With its citizens sick and tired of the state’s murky happenings, and corruption levels being the highest in the country – leading to a collapse of the city’s infrastructure – Bangalore was never more ready for change than it is today. Citizens’ initiatives like Bangalore First have already tapped into the people’s desire for change.

AAP has already said it is now getting the maximum enquiries and enrolments from Bangalore, with several youth leaving cushy jobs for the pursuit of a dream that AAP has symbolised – the dream of a corruption-free India. No doubt, Bangalore is the front-runner.

Calcutta–The Strong Supporter

Having remained on the sidelines for too long, Calcutta had, not too long ago, demonstrated its desire for change, with the overthrow of the Left government. However, what it got as a replacement was far worse than a devil that was known.

With the city sinking deeper and deeper into  a bottomless pit – pathetic infrastructure, poor standards of cleanliness and even poorer maintenance of a few running systems, along with the almost daily attacks on women – Calcutta is just waiting to hit back at people in power who have taken it for a ride for far too long.

AAP is certain to be welcomed here, and the party should not ignore the simmering discontent that spurs the desire for change. Calcutta desperately wants to take its place back in the sun. Trinamool and its old-style politics of the previous century will not work anymore. Wake up and smell the coffee! If Sheila auntie can bite the dust in Delhi, it would be a folly for Mamata didi to avoid the stench of the gutters.

Calcutta can be warm, but it can be boiling hot too. It has a strong support base for new ideas, but its leaders have badly let it down. If there’s an alternative, people will root for it. AAP does provide Kolkatans more than a straw to clutch on – it gives them a rope to hang its demagogues. Taking Kolkatans for granted has proved costly; it will prove costlier now.

Mumbai: The Fence Sitter

India’s Maximum City is, strangely, not stretching itself. In fact, it has recoiled and has perched itself on a fence – not knowing which way to jump. It gave a cold response to Anna; did not come out in large numbers for voting even after 26/11; and it has been content going to watch Dhoom 3 or Sholay 3D, than listen to a third party. Where has that famous ‘Mumbai spirit’ vanished?

Mumbai needs to rework that magic of erstwhile Bombay – that ‘once upon a time in Bombay’ verve. It badly needs to get out of its Shiv Sena-MNS cycle, and latch on to something larger. Surely, Mumbai deserves better than ‘sons of the soil’ netas (who have soiled its large-hearted soul).

Has the city become too cynical, seeing its own downfall over the years, and losing out to its favourite rival, Delhi – the city it loved bashing? Has it already given up the fight for supremacy? My hunch is its fence-sitting will not last too long now. It has to make up its mind whether it stands for the politics of identity or the politics of aspiration. It does not matter if – in taking the right decision – it has to follow its old rival. Sometimes, you can surpass your rivals only by joining them, not by fighting them. Make up your mind, Mumbai! Don’t remain a Mum Bai (silent maid) – try to become a Bom Bay (good bay) again.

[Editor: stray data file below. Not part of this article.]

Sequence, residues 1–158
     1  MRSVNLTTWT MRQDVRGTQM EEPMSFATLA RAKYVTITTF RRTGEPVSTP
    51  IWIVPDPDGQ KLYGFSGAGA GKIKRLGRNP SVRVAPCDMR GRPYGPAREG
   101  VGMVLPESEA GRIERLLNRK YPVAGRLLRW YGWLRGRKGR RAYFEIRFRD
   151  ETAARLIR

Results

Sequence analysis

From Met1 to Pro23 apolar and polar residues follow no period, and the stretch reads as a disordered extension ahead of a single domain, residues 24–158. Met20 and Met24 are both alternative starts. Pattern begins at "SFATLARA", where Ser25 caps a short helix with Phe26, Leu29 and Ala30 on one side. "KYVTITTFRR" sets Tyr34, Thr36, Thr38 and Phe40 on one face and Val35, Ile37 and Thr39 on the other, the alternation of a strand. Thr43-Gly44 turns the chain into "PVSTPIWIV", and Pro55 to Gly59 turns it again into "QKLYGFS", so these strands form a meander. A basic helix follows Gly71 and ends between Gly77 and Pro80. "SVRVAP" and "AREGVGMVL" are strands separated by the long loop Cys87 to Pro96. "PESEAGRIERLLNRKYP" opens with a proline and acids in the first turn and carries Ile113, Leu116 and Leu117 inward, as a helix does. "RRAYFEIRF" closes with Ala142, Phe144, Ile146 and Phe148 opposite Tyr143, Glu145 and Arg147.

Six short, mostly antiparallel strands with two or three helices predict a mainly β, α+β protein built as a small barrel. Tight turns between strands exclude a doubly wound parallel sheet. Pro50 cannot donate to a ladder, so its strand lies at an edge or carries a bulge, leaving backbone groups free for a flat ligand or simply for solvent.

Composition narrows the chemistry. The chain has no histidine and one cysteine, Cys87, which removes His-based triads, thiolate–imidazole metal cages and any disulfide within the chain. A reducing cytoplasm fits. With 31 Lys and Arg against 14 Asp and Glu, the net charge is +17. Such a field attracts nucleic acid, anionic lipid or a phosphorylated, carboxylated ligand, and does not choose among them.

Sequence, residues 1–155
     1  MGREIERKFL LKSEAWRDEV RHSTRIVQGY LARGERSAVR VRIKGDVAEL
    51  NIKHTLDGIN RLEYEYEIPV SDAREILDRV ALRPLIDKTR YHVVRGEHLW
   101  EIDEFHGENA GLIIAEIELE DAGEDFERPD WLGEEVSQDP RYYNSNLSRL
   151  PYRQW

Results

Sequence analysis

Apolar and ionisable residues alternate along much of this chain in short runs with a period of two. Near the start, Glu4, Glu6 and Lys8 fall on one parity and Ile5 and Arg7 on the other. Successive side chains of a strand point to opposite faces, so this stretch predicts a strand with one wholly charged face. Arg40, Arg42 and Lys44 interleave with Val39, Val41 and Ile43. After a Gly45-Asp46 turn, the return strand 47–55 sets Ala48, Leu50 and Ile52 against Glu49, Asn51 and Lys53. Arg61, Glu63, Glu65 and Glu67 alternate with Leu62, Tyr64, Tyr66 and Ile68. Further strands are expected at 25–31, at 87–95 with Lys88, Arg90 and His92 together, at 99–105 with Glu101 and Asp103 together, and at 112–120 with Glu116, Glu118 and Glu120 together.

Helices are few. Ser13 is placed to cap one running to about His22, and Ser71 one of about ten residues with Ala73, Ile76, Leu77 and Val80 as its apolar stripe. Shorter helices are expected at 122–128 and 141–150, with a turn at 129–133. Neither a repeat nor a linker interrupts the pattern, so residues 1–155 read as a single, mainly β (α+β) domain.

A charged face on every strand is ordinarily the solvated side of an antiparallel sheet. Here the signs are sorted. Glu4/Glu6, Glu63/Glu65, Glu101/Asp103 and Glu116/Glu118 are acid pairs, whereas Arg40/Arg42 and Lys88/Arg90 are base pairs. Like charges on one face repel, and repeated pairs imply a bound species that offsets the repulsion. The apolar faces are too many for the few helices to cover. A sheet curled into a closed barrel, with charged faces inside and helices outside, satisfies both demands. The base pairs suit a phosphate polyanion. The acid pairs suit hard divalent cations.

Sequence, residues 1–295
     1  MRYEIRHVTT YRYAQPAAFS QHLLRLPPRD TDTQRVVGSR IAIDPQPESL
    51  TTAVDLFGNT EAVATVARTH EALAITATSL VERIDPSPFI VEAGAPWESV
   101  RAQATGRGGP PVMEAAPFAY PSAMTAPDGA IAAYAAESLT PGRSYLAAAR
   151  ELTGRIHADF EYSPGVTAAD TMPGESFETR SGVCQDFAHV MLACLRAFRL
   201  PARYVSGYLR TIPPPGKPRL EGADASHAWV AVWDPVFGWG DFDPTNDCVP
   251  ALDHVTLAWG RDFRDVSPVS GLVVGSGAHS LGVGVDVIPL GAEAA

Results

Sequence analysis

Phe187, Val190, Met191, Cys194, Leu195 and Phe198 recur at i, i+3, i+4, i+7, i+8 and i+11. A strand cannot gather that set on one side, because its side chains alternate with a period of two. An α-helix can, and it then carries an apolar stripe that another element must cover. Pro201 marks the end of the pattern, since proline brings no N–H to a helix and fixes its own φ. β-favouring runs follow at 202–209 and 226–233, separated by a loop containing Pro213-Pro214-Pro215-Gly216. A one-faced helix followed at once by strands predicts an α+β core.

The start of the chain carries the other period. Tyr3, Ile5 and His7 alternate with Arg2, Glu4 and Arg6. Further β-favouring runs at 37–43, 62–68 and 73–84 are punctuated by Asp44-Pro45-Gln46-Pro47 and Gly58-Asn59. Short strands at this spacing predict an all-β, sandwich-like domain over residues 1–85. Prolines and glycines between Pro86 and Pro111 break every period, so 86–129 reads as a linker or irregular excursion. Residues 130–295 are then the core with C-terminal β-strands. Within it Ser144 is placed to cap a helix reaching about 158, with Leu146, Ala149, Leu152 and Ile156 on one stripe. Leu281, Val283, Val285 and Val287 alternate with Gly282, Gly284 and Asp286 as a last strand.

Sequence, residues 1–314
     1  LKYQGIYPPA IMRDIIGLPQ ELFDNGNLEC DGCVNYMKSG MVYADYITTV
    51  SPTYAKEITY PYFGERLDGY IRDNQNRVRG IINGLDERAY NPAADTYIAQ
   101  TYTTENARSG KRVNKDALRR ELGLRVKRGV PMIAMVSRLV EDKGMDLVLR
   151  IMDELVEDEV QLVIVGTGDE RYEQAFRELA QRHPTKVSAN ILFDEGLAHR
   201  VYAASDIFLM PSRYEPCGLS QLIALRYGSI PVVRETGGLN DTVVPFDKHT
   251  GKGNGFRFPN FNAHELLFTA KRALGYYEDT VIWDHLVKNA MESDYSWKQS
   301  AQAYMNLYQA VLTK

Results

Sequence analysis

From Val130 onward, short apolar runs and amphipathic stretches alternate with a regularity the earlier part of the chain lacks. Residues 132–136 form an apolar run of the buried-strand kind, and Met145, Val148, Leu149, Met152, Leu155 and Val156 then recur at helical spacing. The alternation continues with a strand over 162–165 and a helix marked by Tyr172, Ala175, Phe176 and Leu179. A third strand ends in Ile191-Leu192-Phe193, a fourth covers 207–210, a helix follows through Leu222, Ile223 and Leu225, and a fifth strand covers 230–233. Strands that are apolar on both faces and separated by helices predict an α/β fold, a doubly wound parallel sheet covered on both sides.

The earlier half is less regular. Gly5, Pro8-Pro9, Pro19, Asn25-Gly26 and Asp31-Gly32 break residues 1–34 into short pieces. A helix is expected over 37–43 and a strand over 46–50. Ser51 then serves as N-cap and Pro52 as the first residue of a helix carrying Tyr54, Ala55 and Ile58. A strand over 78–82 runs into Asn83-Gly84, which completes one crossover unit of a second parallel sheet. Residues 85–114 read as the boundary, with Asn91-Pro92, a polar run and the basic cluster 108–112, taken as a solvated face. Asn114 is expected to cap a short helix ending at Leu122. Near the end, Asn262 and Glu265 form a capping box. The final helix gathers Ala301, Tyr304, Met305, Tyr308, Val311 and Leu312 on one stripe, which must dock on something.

Hyderabad — Wayward Wanderer

While the entire nation is humming ‘Aap jaisa koi’, Hyderabad is singing a different tune – Jai Telangana! It seems like a different country, folks! A separatist movement that began first in 1969, is taking root here again in 2014. OMG! Is the nation already in different time zones now? Chalta hai abhi nahin chalega! Why has this city – where I spent the maximum amount of my life – going into reverse gear? I think it’s lost its way somewhere. As long as you have this Telangana-Seemandhra debate, how can you have a brand new topic? Aren’t this borders-territory business a tad outdated?

I don’t want to offend Telangana supporters – some of whom are good friends – but come on! You can’t be serious! Why are you stuck in the 1960s? The whole country is changing. Do the old Hyderabadis feel “woh abhi parson ki to baat hai” – for typical Hyderbadis, parson (day before yesterday) can even mean 20 years ago, or rather 45 years ago in this case. Arrey, light lele yaar, itna latori mat kar (take it easy, don’t loiter around too much). Sadly, that’s what Hyderabad is doing right now – it is wandering aimlessly off tangent, into old, forgotten lanes. If you are still obsessed about a new physical state, how can you think about anything else – least of all about a new state of the mind?